Tag: Orangutan

Orangutan Named ‘Boncel’ Is Rescued & Translocated For A Second Time Due To Loss Of Habitat In Indonesia

An adult male orangutan, that was given the name Boncel, was recently rescued for a second time in West Kalimantan Province (Indonesian, Borneo).

The Wildlife Rescue Unit (WRU) of the Natural Resources Conservation Agency (BKSDA Kalbar) and International Animal Rescue (IAR) teamed up to help capture Boncel after he wandered into a village. He was then taken by the rescue team to a more remote part of the forest to ensure that he doesn’t return to the village.

The threat to the survival of orangutan species has increased due to the widespread fires that destroyed vast swathes of their rainforest habitat in the Ketapang area in 2019.

The devastation and deforestation of the land led to many orangutans being left without food and shelter. Orangutans were driven out of their natural habitat after the forest was destroyed and strayed into local villages in search of food, bringing them into contact with local people which resulted in conflict that risked harming both the orangutans and the villagers.

The Head of BKSDA Kalbar, Sadtata Noor Adirahmanta, expressed his appreciation for the quick response to this situation. “The repeated translocation of this orangutan shows that efforts to preserve wild endangered species require the cooperation of all parties. The community can support these efforts by themselves by working to repair wildlife habitats and prevent further damage to them.”

Boncel had been translocated from land belonging to residents in the village of Sungai Besar, to the surrounding forest, in mid-August of last year. The translocation was done in order to mitigate conflict with local villagers and take the orangutan back safely to the forest.

Although these translocations save the lives of individual orangutans, these actions are only a temporary solution.

This was proved in early November 2020, when IAR’s Orangutan Protection Unit (OPU) patrol team received information regarding Boncel entering Sungai Pelang Village.

The team immediately set off to verify the report and on November 11, 2020, they discovered one individual male orangutan eating the villagers’ pineapple plants. After observation and identification, they were able to confirm that this was in fact Boncel, who had previously been rescued from the village of Sungai Besar, and translocated by a team from the WRU of BKSDA Kalbar and IAR Indonesia on August 18th.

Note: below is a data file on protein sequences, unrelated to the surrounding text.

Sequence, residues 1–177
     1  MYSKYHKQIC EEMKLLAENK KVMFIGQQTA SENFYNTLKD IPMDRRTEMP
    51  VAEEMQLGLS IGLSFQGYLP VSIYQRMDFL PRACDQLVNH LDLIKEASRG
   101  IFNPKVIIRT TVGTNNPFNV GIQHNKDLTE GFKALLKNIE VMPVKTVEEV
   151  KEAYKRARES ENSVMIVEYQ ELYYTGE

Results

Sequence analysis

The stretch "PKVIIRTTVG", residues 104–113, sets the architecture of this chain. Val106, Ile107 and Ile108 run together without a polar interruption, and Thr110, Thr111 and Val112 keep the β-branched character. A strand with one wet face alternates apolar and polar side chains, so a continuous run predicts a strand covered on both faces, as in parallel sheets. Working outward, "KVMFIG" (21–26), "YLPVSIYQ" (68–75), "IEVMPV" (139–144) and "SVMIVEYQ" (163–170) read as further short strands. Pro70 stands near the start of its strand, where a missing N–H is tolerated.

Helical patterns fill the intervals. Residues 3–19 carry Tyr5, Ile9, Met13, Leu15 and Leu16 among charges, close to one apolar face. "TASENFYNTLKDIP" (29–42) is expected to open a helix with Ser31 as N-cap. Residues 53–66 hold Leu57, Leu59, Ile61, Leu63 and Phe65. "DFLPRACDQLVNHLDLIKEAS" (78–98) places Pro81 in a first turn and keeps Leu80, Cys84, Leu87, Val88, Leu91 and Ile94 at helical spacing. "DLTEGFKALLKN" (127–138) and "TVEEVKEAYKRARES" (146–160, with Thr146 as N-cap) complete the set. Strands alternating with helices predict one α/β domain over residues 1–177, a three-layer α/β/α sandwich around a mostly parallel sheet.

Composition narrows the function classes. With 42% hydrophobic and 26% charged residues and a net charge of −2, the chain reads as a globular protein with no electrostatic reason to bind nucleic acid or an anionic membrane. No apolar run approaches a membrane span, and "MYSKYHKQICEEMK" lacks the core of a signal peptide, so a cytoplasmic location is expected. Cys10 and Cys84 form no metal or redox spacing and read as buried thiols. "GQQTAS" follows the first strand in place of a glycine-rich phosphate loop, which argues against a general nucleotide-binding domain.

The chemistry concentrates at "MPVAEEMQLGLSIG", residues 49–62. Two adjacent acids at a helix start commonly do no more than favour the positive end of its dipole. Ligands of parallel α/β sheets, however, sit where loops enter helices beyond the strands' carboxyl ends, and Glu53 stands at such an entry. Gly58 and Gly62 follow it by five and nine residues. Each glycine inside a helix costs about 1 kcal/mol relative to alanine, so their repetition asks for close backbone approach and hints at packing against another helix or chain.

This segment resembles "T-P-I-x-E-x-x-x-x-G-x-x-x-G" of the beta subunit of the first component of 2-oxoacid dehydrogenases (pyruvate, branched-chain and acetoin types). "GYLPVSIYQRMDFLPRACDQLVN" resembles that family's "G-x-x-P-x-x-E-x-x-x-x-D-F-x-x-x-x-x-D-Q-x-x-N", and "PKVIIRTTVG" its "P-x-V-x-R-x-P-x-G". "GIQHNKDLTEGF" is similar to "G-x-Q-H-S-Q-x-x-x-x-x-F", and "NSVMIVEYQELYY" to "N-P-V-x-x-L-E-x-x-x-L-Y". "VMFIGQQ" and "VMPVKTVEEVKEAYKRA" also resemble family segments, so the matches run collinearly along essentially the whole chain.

Consequently, the BKSDA’s WRU team and IAR Indonesia translocated Boncel for a second time. The operation, which took more than seven hours, went smoothly. IAR’s veterinarian examined Boncel’s condition and stated that the orangutan, who is estimated to be around 30-40 years old, is in good health and was fit to be translocated immediately.

You can help to save the last orangutans in Indonesia by looking on the back of products and packaged foods at the grocery store and commit to not purchasing anything containing Palm Oil or non-recycled paper products. #PalmsOffPalmOil 

The post Orangutan Named ‘Boncel’ Is Rescued & Translocated For A Second Time Due To Loss Of Habitat In Indonesia appeared first on World Animal News.

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5-Year-Old Orangutan Named Kukur Was Rescued In West Borneo, This Marks The 7th Orangutan Saved Since The Start Of The COVID-19 Pandemic

Photos by: Lis Key, International Animal Rescue

An orangutan who was wrongly being kept as a ‘pet’ in Senduruhan Village, Hulu Sungai District, Ketapang, West Borneo, was recently rescued by the Wildlife Rescue Unit (WRU) of the Natural Resources Conservation Agency (BKSDA) in West Kalimantan, along with a team from International Animal Rescue (IAR) Indonesia.

The orangutan, named Kukur, was being kept in a hut in the middle of the woods, living with a family and their dogs, pigs, and chickens. The orangutan’s ‘owner’ claimed to have found Kukur in the forest while he was farming. He said he felt sorry for the orangutan and brought him home, where he was tied up with a rope around his neck and fed rice, instant noodles, coffee, and fruit.

The IAR Indonesia medical team who took part in the rescue found old wounds on Kukur’s neck and ankles. The vet estimated the orangutan to be about five years old.

The team transported Kukur to the IAR Indonesia center in the village of Sungai Awan in Ketapang District. The center has all the facilities required for the care and rehabilitation of orangutans. Kukur will spend eight weeks in quarantine, during which time he will also undergo further medical examinations to ensure that he is not harboring any diseases that could be transmitted to other orangutans at the facility.

In the past eight months, since the start of the COVID-19 pandemic, the BKSDA Kalbar, together with IAR Indonesia, have saved seven orangutans. The economic impact of the pandemic on the local community has been significant and this has brought a renewed threat to nature.

“We have seen an increase in illegal activities in the forest,” Karmele L Sanchez, Programme Director of IAR Indonesia said in an email sent to WAN. “In a couple of areas, people have been hit very hard and have been forced to take up activities that threaten natural habitat and wildlife.”

The general consensus of the scientific community is that one of the factors that can cause a pandemic is the pressure of human beings on the natural world. Per the Indonesian Ministry of Health website, it is claimed that 60% of human diseases are known to originate from animals, and 75% of diseases attacking humans in the last three decades are derived from animals. Factors leading to an increase in the risk of zoonoses include the disruption of the balance of nature, changes in the status of land, an unhealthy relationship between humans and wild animals, particularly the wildlife trade, as well as the disruption of wildlife habitats.